Objective: Disgust is described as a relevant emotion in OCD, particularly in contamination-type OCD, and may be involved in emotional processing in this OCD-subtype. The present study aimed to investigate the neural correlates of distress processing in contamination-type compared to non-contamination-type OCD, and the relation to disgust sensitivity. Methods: Forty-three OCD patients (n = 19 contamination-type OCD) were exposed to OCD-related, fear-related and neutral pictures. Subjective distress per stimulus was assessed by a visual analogue scale (VAS) and disgust sensitivity by the DS-R. BOLD brain activation was compared between stimuli that provoked high versus low distress at individual level. Results: In contamination- and non-contamination-type OCD, the dorsomedial prefrontal cortex, operculum, visual association cortex and caudate nucleus were activated during high versus low distress. Only in contamination-type OCD, disgust sensitivity correlated positively with the VAS scores and was associated with neural activation in the dorsomedial and visual association cortex, but not with the operculum. Conclusions: Brain activation during distress processing in OCD is similar across the OCD subtypes and related to effortful emotion regulation, processing of aversive internal states and attention. In contamination-type OCD, the distress response is related to disgust sensitivity, which correlates with brain regions associated with attention and emotion regulation.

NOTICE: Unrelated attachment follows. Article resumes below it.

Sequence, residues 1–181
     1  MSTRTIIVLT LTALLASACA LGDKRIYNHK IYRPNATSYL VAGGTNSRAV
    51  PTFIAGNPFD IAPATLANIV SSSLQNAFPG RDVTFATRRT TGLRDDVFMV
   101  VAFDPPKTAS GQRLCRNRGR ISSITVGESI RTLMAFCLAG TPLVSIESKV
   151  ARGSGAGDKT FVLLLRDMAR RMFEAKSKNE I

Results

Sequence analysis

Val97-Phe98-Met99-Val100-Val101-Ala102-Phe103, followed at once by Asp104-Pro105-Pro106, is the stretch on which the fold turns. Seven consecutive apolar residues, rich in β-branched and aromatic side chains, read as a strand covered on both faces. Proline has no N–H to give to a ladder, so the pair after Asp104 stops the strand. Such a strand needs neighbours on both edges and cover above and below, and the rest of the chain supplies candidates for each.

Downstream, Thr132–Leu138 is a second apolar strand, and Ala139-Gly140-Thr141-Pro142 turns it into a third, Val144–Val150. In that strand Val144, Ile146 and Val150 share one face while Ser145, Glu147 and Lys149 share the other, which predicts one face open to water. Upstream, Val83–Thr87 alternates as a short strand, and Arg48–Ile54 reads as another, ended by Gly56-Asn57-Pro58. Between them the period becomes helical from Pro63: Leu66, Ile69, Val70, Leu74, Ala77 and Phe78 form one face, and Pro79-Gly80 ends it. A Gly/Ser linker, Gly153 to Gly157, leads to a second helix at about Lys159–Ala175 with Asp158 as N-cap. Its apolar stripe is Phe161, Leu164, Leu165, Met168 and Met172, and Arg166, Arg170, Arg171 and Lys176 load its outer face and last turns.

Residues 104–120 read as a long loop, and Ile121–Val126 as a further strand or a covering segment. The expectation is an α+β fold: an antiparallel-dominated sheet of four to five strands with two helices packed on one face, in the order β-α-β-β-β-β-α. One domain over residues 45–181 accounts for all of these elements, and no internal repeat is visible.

|Journal||Journal of Obsessive-Compulsive and Related Disorders|
|Publication status||Published - 1 Jul 2019|